Another option for pain relief during labor is a short-acting opioid, like fentanyl or butorphanol, which can be given to you by your nurse through an IV or as an injection. All opioids easily cross the placenta, so your care providers will advise avoiding this option if you’re likely to birth your baby within the next hour or two. Opioids can make your baby sleepy, and if given too close to the time of birth, they increase the risk for slow and ineffective breathing, or respiratory depression in baby. Your baby may need more time and help latching to nurse, so plan for lots of skin-to-skin contact, and ask for breastfeeding support if you use a short-acting opioid.

SEE ALSO: Managing Labor Pain

Pain Relief during labor: “I just want the pain to stop!”

If your goal is to feel as little pain as possible during childbirth, and you want the maximum pain relief during labor, an epidural is the way to go.

Some women will experience total pain relief during labor with epidural anesthesia, still many will feel some tightening or pressure with contractions, and most of us will feel a lot of pelvic pressure as baby is born. This is a good thing; it means you’ll have enough sensation to work with your body when it’s time to push.

An anesthesiologist or nurse anesthetist will place the epidural, so you may have to wait until they’re available to receive some pain relief. They will use a needle to insert a thin, soft tube in your lower back through which you’ll receive pain medication during labor.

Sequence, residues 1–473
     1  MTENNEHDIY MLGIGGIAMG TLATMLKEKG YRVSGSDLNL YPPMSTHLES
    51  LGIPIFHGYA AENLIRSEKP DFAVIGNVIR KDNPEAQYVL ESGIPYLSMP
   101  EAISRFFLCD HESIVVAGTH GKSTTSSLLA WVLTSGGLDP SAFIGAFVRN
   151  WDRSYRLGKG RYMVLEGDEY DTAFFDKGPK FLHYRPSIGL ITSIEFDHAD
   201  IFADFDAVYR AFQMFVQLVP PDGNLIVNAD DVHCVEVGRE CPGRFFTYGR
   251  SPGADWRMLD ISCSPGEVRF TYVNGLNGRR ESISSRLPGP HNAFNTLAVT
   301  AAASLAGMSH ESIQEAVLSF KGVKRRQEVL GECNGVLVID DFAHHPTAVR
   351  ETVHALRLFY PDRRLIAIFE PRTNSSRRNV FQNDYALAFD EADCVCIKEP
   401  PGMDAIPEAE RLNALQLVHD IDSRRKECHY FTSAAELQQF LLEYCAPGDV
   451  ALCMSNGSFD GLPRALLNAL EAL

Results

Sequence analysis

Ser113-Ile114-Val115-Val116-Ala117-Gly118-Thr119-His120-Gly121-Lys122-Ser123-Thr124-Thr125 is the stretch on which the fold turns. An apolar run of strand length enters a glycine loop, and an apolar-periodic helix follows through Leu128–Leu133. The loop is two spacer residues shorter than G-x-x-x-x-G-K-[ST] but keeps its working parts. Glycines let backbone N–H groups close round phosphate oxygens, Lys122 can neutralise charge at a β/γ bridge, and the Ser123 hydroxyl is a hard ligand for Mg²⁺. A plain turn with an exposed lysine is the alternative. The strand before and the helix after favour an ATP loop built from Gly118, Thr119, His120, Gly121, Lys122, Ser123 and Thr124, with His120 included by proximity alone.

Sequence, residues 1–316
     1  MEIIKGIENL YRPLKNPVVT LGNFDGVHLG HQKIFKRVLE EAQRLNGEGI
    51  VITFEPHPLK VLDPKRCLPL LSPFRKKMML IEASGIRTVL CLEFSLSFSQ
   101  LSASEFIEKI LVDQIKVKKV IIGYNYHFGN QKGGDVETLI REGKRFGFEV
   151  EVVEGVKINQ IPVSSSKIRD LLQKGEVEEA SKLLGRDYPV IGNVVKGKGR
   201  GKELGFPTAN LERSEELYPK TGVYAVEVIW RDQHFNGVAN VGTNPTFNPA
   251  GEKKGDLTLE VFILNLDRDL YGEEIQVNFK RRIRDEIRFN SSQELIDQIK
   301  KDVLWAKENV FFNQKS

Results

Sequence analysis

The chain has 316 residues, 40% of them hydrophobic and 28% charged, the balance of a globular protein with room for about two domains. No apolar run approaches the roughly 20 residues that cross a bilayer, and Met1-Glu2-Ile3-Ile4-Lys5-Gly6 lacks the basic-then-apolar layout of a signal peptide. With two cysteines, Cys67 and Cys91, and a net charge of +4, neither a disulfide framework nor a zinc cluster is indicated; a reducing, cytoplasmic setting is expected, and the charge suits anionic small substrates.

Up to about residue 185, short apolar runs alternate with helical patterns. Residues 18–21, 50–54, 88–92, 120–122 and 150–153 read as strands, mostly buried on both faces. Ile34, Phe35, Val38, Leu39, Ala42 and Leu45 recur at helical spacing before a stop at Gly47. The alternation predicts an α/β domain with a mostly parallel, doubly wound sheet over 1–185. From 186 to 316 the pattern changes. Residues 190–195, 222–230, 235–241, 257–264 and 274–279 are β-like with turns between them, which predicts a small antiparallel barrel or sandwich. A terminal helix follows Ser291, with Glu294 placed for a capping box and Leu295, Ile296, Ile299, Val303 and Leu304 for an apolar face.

Because this is anesthesia, you won’t be able to walk or get out of bed until it’s worn off. Most women will also need a Foley catheter (a tube that drains urine from the bladder) until they can regain the sensation to empty their bladder on their own.

Science is conflicted about whether baby’s starting breastfeeding is affected by the anesthesia, so as always, snuggle your baby with lots of skin-to-skin contact and encouragement toward breastfeeding early on. And while the research does not show an increased risk for cesarean birth, epidurals can affect labor progress in some women, so it’s not uncommon to need Pitocin (a synthetic form of the natural oxytocin that your brain makes to start and sustain labor) to keep labor progressing with an epidural.

Similarly, women who receive epidural anesthesia are slightly more likely to need assistance with birthing baby, either with forceps or a vacuum, and are at higher risk for developing a fever during labor.

The good news is that very little of the medication used for pain relief during labor goes to the baby, so there’s no concern that the baby will be sedated when born. This means that it’s considered safe to get an epidural, even if birth is imminent.

If you found our article on pain relief during labor useful, you may also like to read our articles on Pain Killers in Pregnancy and How to manage breastfeeding pains.


Paris Maloof-Bury, CNM, RNC-OB, IBCLC is a certified nurse-midwife and lactation consultant at Sutter Health in Davis, CA.